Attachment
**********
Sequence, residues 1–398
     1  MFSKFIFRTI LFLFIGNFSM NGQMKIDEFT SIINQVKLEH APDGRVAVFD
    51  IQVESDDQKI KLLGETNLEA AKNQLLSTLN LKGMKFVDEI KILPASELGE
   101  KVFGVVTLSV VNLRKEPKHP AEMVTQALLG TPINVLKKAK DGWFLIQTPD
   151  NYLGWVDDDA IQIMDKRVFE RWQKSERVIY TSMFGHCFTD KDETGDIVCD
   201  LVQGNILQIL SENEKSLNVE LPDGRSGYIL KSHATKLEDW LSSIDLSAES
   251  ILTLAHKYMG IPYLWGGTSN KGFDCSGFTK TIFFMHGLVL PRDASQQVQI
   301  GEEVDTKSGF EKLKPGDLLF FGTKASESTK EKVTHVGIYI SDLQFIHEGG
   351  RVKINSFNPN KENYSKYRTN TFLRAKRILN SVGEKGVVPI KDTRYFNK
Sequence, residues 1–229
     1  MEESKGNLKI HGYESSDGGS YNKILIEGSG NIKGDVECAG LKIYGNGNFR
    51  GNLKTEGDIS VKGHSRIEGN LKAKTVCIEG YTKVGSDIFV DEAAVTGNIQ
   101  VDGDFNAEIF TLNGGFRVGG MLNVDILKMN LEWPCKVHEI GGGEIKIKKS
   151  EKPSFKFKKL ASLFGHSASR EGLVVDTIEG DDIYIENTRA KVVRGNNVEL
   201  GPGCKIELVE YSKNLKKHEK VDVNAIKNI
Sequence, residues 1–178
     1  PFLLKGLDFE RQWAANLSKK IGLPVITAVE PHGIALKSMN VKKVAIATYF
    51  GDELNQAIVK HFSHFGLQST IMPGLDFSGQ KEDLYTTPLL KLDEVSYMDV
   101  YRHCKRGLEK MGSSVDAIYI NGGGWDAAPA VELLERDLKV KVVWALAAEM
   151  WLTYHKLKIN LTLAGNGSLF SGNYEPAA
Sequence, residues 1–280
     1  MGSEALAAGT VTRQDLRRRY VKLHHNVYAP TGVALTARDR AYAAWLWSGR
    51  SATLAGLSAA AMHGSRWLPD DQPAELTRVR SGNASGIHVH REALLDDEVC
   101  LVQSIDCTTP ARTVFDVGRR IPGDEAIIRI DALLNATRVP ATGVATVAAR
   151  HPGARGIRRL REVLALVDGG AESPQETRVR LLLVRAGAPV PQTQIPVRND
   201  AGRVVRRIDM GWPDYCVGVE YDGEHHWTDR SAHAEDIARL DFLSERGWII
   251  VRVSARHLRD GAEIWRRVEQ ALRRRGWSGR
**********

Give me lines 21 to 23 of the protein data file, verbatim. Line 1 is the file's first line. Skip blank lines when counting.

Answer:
Sequence, residues 1–280
     1  MGSEALAAGT VTRQDLRRRY VKLHHNVYAP TGVALTARDR AYAAWLWSGR
    51  SATLAGLSAA AMHGSRWLPD DQPAELTRVR SGNASGIHVH REALLDDEVC